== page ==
In short, this means that the founder shareholding is increased (at the detriment of all existing investors) before the VC invests. This leads to double dilution for a single funding round (the first to recapitalise the founder, the second as part of the funding round).


A straightforward approach

If you are pre-seed, pre-revenue and offering SEIS, my personal way of checking a valuation is sain very straightforward:

  1. Start with the average: Look at Beauhurst's 'average' valuation (£1.4m or so currently for pre-seed) as your starting point. Great businesses should be valued higher than this, businesses with unresolved issues, less.

  2. Get your ducks in a row (and make sure they’re polished): It’s important to make sure you've got SEIS/EIS advance assurance, a solid pitch deck, a forecast model showing a clearly considered and sane forecast.

  3. Amend the average valuation: Revise the figure by adding / subtracting a suitable amount for each of the following factors:

As you can imagine, I see a lot of startups and this is the process I mentally go through to test a valuation. It's vaguely related to the scorecard and Berkus Valuation Method for Startups but crucially sets the starting point on a scientific data point - Beauhurst averages.

In short it means a very polished business (still pre-rev/pre-seed) could justify up to £2.6m or so if everything was perfect. A business with challenges and no sizzle might find themselves at £800k. It's rare to see lower than this number.

Varying Valuations

Don't forget, you don't have to use the same valuation for all stakeholders. You may, for example, wish to thank an advisor for work already done or incentivise an active / strategic investor by offering them a certain discount.

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What not to do Part 1: Test your valuation on your top ten potential investors

A surprisingly common mistake. Get your v1 pitch deck and forecast ready, guess at a valuation and hope for the best, starting to work through your potential investors, best first.

Why not? Well, if you've got something wrong in any of your materials, it's rare to get a second opportunity to pitch...your potentially best investors will walk away.

Much better to test your pitch, deck, model and valuation via a less important set of investors first...Incorporate the feedback and then go for the top ten.

What not to do Part 2: Swing for the fences and expect to negotiate?

If your starting point is crazy, then lots of investors will just walk away. To use an analogy, if I'm going to buy a car and I've got a budget of £50k, say. I'll happily look at a car at £55k, on the basis that I'll be able haggle down a bit. If I see a car for £100k, I won't even bother.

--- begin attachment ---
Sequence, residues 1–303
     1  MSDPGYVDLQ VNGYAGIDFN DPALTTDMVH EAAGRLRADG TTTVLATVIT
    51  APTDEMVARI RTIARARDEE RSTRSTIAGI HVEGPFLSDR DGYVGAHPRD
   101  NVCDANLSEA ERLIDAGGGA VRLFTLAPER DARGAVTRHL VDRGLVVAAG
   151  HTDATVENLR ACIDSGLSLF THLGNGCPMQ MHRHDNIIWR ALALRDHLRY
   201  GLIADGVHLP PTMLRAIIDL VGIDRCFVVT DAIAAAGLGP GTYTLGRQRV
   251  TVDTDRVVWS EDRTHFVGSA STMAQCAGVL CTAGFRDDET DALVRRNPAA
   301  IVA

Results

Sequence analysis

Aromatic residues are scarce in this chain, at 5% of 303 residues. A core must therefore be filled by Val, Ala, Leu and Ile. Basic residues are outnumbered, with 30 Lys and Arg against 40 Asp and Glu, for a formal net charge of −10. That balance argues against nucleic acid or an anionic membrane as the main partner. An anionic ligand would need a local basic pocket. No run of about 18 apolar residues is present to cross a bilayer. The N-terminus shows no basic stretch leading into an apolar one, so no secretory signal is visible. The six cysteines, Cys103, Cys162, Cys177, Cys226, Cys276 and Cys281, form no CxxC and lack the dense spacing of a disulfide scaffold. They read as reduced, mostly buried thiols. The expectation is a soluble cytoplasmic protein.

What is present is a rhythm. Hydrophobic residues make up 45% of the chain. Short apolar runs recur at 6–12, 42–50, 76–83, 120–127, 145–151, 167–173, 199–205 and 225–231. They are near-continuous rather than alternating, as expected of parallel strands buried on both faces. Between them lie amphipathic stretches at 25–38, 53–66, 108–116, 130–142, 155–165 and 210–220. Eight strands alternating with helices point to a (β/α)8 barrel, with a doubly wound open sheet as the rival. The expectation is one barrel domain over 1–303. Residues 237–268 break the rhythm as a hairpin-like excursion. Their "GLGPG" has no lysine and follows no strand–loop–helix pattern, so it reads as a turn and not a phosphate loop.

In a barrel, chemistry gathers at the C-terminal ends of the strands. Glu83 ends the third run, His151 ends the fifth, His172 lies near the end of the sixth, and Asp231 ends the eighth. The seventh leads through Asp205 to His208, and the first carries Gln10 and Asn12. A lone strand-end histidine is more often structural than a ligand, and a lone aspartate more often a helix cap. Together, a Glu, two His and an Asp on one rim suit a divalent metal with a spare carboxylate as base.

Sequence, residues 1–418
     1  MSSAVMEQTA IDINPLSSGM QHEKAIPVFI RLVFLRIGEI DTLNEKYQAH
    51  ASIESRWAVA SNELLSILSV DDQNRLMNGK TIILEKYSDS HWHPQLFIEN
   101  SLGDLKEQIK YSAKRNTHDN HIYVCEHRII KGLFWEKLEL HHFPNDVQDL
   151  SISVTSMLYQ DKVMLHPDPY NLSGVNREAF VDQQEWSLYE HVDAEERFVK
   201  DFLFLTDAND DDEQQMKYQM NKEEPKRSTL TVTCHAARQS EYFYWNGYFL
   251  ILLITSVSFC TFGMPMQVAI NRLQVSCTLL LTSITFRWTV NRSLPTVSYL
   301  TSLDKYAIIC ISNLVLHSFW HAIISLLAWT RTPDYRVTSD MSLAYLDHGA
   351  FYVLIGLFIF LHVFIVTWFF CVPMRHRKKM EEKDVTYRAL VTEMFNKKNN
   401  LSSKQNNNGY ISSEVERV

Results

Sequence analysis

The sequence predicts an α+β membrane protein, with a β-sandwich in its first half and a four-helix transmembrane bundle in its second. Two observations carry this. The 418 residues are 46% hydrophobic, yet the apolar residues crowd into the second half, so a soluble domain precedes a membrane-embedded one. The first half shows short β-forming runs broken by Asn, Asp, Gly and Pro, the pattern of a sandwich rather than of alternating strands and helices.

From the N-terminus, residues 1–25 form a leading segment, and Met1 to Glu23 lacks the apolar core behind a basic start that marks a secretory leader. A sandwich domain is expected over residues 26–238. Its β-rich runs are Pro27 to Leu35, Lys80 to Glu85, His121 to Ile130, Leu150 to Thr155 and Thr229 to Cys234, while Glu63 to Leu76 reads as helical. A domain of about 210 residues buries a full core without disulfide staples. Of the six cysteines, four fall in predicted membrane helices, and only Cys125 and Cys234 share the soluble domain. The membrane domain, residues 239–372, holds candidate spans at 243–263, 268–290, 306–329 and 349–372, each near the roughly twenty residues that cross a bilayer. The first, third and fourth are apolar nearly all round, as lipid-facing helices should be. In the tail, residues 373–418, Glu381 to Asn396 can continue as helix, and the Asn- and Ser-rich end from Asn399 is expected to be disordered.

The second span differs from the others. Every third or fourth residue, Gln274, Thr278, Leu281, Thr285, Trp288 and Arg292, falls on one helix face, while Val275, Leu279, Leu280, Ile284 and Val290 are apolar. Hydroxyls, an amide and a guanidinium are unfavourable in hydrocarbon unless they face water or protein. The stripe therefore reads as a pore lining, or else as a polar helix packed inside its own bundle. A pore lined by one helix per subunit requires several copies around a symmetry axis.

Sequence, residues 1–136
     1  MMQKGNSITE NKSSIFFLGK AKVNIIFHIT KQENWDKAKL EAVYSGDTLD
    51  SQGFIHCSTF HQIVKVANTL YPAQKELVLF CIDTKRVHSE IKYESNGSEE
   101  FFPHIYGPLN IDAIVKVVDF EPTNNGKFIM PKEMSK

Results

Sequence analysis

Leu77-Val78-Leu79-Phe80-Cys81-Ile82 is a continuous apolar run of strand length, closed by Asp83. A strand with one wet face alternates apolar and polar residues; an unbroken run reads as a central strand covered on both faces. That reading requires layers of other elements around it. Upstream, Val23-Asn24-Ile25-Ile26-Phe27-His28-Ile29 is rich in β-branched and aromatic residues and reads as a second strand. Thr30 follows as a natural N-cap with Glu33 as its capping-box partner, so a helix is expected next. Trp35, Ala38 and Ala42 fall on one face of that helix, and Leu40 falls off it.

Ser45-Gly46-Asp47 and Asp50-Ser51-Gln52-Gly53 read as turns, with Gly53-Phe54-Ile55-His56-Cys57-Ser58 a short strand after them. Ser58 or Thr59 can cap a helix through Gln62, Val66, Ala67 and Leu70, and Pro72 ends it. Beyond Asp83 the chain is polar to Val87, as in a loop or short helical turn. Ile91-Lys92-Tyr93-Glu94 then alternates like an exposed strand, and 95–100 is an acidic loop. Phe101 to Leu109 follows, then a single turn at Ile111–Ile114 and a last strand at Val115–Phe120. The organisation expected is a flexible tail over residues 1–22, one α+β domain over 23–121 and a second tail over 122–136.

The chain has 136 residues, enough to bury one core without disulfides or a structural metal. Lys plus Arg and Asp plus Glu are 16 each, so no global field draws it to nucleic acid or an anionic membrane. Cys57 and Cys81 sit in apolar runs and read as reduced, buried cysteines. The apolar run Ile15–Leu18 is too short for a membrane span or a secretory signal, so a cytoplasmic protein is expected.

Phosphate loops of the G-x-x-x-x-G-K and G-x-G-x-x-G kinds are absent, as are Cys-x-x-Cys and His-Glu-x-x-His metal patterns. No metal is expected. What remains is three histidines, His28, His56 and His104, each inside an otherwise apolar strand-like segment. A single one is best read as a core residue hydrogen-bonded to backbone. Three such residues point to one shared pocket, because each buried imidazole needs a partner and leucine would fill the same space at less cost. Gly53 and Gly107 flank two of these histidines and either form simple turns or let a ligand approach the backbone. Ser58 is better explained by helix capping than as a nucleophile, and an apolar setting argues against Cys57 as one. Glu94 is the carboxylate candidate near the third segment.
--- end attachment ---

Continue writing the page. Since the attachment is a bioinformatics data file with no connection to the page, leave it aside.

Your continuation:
If you are a 'normal' pre-seed / pre-revenue startup and not in a crazy-hot part of the market and you openly value yourself at £3m then most investors will just walk on by. They know that your valuation should be ~£1.5m and won't bother trying to negotiate you to where you should be.

What not to do Part 3: The Bonkers Valuation Example

As a bonkers example of what NOT to do, I saw a valuation report once (it was a rebadged Equidam):

  1. Business was pre-revenue. And, to be candid, the business was lacking in any kind of sizzle. Hadn't developed a product yet, so had a shiny (well, even that...) pitch deck and that was it.
  2. ⁠Product would be designed, developed and launched in a year.
  3. ⁠Seeking £70k initial funding.
  4. Forecasted to achieve Year 1 £203m EBIT. Yes, this is bonkers.
  5. They did 3 valuations. Scorecard came up at £1.5m, Checklist method = £1.22m, the VC method = £640m.
  6. ⁠Despite the HUGE range of valuations they did a weighted average (40/40/20) of the three figures (=(1500000x40%)+(1220000x40%)+(641000000x20%)) to come up with a £129m valuation.

How FounderCatalyst Can Help

FounderCatalyst can help you in several ways throughout your funding journey, and offers a set of valuable tools and resources to assist founders and investors in their startup journey:

Startup valuation is a complex but vital process that sets the course for a company's future. Whether you are a founder aiming to attract investment or an investor seeking the next big opportunity, mastering the art of valuation is crucial.

FounderCatalyst's resources and practical guidance can be your compass in navigating the dynamic landscape of startup valuations, ensuring that your decisions are grounded in reason and data.